it being totally fine because were in Japan singing karaoke and it was all so very absurd, typical and totally necessary.

GORGEOUS JAPANESE GARDEN. Spent the few hours I had off on Sunday in this city garden. So perfect and beautiful. Took a few hours to unwind and reflect.

KOBE BEEF. Total failure. Didn't have much time and when I couldn't find it (aka everything is in Japanese and I had no idea what was going on) I panicked and just went into this cute restaurant. Wound up having a great dinner, but no Kobe beef. Putting it on my list of things to treat myself to when I get back to NY, if anyone wants to come.

One weird thing about the time I spent in Japan, particularly in Yokohama, was how much it made me miss Australia. I have this really intense desire to go back and live there for awhile. We were so lucky to have such a beautiful place to call home. I miss The Cottage and all of the weekend adventures we had. Even at the start of this trip, I'm opening myself up so many more futures than I have originally


September 18, 2007


(In about 8 hours we'll be piloting into Qingdao. Quick update on Japan. Look for pictures soon, but the internet connection is too weak to upload anything right now).

Ja nee, Japan!

Absolutely LOVE loved Japan. Can’t wait to get back here and spend some legitimate time. It’s frustrating to work every day knowing there’s a brand new city right outside the ship, but we have 4-6 days in most of the other ports, so I’m sure I’ll get more of an opportunity to roam. Either way, a quick taste or not, Japan was fantastic.

TOKYO. Lives up to the hype. I have no idea why but the whole day at work in Yokohama I was giddy for no reason. We took a train to Tokyo around 5, and I just fell in love with the country right away. It’s amazing what a packed commuter train can really tell you about a culture. The train was clean and quiet- still packed, but so quiet. People talked to each other at such a respectful level that it was barely audible. I loved just watching all of the people on the train – businessmen, families, adorable little old Japanese men. And everyone seemed so at peace.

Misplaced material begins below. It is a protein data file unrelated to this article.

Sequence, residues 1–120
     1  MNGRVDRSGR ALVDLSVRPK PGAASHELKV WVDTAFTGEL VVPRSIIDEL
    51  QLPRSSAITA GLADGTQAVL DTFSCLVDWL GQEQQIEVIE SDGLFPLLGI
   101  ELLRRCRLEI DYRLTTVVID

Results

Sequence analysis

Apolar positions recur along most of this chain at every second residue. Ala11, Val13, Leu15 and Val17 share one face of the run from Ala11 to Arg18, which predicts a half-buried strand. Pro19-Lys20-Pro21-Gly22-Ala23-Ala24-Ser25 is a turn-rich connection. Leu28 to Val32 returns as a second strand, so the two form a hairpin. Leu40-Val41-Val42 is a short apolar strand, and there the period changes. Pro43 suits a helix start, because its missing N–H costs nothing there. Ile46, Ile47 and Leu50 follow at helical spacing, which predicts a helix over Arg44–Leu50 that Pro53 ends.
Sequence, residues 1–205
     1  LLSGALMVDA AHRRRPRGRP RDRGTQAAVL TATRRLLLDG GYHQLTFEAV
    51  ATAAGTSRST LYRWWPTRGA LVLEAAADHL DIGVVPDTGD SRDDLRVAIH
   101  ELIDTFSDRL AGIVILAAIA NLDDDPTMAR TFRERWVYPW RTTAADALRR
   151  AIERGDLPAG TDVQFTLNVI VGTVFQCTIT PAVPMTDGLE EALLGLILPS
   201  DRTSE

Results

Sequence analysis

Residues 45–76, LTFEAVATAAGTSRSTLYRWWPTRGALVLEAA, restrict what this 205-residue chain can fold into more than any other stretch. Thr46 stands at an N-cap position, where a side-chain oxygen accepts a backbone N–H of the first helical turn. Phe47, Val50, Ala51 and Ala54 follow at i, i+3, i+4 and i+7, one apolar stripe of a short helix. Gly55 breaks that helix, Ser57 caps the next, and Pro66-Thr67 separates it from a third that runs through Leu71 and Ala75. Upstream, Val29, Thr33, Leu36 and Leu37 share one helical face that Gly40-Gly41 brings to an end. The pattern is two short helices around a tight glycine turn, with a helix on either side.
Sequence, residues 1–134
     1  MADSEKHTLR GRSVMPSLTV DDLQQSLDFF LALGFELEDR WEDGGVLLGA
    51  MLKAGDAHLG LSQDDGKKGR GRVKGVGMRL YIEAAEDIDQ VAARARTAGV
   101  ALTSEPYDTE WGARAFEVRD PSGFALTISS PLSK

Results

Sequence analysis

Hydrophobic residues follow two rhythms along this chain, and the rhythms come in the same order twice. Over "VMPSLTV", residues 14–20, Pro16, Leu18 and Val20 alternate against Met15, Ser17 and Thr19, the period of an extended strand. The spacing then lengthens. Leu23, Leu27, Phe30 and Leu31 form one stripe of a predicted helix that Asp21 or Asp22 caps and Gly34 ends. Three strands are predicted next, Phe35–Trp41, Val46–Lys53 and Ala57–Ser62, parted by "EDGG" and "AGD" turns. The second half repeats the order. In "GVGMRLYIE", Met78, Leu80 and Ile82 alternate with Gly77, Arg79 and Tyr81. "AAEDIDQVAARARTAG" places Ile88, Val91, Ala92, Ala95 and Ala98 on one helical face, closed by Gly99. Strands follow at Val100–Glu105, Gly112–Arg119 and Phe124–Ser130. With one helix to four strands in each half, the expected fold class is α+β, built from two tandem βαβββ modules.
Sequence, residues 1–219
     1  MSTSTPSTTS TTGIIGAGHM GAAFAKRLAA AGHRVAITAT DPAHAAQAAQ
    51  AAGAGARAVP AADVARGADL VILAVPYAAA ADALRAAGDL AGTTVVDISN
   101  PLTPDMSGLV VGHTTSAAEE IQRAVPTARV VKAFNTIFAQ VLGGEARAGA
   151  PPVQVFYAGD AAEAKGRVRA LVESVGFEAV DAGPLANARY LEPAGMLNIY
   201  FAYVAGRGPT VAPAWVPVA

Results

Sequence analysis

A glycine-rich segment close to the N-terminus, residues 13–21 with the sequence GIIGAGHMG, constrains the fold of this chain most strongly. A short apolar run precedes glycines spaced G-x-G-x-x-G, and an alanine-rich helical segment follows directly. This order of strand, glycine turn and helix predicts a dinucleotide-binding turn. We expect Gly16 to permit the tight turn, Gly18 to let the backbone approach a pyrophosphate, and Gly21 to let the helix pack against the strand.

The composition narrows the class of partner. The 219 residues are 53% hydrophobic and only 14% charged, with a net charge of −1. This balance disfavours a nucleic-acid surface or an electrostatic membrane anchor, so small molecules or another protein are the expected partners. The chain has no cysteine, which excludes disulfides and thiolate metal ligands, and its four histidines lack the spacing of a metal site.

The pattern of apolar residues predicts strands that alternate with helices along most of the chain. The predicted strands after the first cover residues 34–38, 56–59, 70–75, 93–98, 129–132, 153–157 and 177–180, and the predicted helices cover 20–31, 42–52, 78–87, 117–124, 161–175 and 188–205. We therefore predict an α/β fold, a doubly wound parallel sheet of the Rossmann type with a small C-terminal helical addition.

Then we got to Tokyo. It was bright, it was brilliant, it was neon and absolutely absurd, but it was still so quiet for such a busy, busy place. Their city itself is loud, imaginative, so stimulating, and it’s all purely visual. We ate some amazing Okanomiyake, drank sake, roamed around. There’s karaoke and casinos on every corner, lit up so bright I can’t imagine you don’t leave with a headache (and no yen). We found a great little dive bar. I would have loved to check out a swanky Japanese bar, karaoke, but it wasn’t in the budget for the night. Another time for sure. We headed back to Yokohama at a reasonable enough hour to not want to die at work in the morning.

YOKOHAMA. Spent my break on the 13th roaming around this really cute port city. It’s one of Japan’s biggest cities, but it’s small and quaint and has the whole nautical thing going on. Found some cute little shops, a great second hand British thrift store with tons of stuff from the 60s & 70s, and some fantastic restaurants. Yokohama also has a really fun Chinatown and an insane quarter mile long graffiti wall along the train tracks. Japan has a thing for throwing mini amusement parks in the middle of their cities, always featuring a great big ferris wheel that offers astonishing views. Unfortunately it was closed while I was out, but it still adds such an interesting charm to the skyline. Ate a great secret noodle place below ground. We were pretty much the only ones in there who weren’t Japanese businessmen. Such a cool scene – floor seating, shoes off, smoking cigarettes, pounding Santory and slurping noodle soup. Japan gives me this odd feeling that my life is a movie. Love it.

More on Kobe soon. I get to China in the morning, so after the next couple of days there will be lots of updating.

Ja nee,

September 08, 2007


A quick update before bed. I’ve added a few links at the right – my photos, my itinerary, and my mailing addresses if you feel like sending me a package or a postcard from New York.